Brain organoid model shows molecular signs of Alzheimer’s before birth

In a model of human fetal brain development, Emory researchers can see perturbations of epigenetic markers in cells derived from people with familial early-onset Alzheimer’s disease, which takes decades to appear. This suggests that in people who inherit mutations linked to early-onset Alzheimer’s, it would be possible to detect molecular changes in their brains before birth. The results were published in the journal Cell Reports. “The beauty of using organoids is that they allow us to Read more

The earliest spot for Alzheimer's blues

How the most common genetic risk factor in AD interacts with the earliest site of neurodegeneration Read more

Make ‘em fight: redirecting neutrophils in CF

Why do people with cystic fibrosis (CF) have such trouble with lung infections? The conventional view is that people with CF are at greater risk for lung infections because thick, sticky mucus builds up in their lungs, allowing bacteria to thrive. CF is caused by a mutation that affects the composition of the mucus. Rabindra Tirouvanziam, an immunologist at Emory, says a better question is: what type of cell is supposed to be fighting the Read more

polyps

Hold out your finger: Epidemiologist developing test for colon cancer risk

Years from now physicians may be able to determine whether you’re at increased risk for colorectal cancer by drawing blood from the tip of your finger.

Emory University researchers are working to identify biomarkers to detect a person’s chances of developing colon cancer. Much like blood pressure and cholesterol tests can indicate heart disease risk, researchers here hope that some day the makeup of blood and urine will be able to tell who’s at risk for colorectal cancer, why they may be at risk and what they can do to reduce their risk.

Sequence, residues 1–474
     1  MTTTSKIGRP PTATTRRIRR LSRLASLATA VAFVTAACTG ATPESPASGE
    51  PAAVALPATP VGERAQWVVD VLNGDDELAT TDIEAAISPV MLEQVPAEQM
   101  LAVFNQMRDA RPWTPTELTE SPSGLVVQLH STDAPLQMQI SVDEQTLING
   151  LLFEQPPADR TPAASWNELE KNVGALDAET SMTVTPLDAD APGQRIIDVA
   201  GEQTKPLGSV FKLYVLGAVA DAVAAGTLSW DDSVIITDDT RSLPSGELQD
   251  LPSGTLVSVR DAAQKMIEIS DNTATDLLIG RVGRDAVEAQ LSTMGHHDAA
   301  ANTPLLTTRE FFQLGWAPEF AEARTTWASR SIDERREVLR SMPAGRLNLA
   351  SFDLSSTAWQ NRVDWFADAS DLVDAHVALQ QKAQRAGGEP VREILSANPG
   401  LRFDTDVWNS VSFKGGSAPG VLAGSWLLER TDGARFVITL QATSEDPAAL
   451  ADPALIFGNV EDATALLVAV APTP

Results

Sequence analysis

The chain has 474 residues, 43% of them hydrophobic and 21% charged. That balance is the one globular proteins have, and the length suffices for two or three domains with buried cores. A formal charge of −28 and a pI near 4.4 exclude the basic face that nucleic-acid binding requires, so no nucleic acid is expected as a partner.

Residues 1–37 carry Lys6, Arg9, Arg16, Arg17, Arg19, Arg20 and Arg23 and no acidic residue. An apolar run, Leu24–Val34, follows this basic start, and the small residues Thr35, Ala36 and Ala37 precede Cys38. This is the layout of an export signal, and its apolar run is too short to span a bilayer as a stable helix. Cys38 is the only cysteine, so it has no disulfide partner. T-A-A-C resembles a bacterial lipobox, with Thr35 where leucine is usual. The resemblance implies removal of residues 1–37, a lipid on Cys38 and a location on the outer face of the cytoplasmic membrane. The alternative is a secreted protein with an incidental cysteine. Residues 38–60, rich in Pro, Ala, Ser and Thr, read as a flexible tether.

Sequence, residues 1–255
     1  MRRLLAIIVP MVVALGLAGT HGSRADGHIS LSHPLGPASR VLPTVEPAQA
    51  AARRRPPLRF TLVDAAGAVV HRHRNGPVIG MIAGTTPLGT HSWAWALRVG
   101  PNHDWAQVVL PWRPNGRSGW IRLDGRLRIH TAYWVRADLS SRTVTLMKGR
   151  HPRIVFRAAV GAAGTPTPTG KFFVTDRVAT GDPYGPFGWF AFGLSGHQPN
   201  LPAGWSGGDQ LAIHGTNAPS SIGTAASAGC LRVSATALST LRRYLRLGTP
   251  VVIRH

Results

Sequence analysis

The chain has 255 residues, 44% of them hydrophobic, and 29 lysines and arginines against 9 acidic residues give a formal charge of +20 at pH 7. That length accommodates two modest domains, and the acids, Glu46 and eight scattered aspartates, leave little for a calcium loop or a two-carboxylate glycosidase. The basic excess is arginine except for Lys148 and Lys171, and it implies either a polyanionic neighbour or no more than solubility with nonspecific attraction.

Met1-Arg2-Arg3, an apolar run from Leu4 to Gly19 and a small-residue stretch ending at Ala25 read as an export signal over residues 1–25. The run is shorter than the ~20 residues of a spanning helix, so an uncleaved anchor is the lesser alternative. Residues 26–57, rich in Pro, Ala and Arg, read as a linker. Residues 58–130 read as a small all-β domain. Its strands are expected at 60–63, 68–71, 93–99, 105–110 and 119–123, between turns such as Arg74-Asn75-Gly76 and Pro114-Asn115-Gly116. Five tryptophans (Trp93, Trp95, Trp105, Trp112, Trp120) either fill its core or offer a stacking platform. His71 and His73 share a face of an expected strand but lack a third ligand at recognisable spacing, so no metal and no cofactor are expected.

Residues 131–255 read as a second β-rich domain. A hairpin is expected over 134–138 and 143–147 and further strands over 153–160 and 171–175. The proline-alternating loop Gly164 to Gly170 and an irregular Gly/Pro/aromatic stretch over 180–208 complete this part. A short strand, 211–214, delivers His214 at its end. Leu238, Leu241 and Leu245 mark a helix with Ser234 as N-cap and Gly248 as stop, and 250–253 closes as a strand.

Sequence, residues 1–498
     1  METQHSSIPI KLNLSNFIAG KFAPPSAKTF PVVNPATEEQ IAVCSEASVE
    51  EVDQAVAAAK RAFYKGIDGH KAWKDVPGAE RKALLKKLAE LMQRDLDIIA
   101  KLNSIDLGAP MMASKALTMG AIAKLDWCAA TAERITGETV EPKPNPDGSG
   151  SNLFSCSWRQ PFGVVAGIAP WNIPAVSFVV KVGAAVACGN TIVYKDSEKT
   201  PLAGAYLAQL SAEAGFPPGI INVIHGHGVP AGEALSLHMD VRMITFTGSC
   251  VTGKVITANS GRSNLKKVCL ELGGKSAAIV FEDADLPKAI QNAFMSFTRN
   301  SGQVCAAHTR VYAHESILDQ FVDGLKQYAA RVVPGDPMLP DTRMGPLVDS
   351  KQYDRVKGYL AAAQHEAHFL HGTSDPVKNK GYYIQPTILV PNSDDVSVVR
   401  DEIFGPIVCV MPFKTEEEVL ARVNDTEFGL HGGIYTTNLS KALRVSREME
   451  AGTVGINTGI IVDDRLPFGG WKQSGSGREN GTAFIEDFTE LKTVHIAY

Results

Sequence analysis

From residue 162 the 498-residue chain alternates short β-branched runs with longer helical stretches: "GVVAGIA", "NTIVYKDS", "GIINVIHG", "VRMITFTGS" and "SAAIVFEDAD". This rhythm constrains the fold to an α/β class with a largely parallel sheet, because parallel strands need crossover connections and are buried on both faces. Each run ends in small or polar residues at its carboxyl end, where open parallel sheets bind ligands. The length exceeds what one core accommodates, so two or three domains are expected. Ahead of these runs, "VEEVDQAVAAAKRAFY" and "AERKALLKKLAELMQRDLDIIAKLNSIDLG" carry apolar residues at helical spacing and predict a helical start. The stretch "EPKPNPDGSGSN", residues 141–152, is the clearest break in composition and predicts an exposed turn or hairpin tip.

Postdoctoral fellows Joy Owen and Veronika Fedirko examine samples in Robin Bostick’s lab at the Winship Cancer Institute of Emory University.

For now, the Emory study team is analyzing the rectal tissue samples of people with colon adenomatous polyps, non-cancerous growths considered precursors to colon cancer, and comparing them to rectal tissue samples from people who don’t have polyps. They’re also looking at whether the differences they detect in rectal tissue can also be found in blood or urine. Currently, no accepted tests exist to determine whether someone may be at risk for colon cancer.

“Most people would rather provide a blood or urine sample than get a rectal biopsy,” says Robin Bostick, MD, MPH, Rollins School of Public Health epidemiology professor and study principal investigator. Bostick is also a clinical faculty member at the Winship Cancer Institute at Emory and a Georgia Cancer Coalition Distinguished Cancer Scholar.

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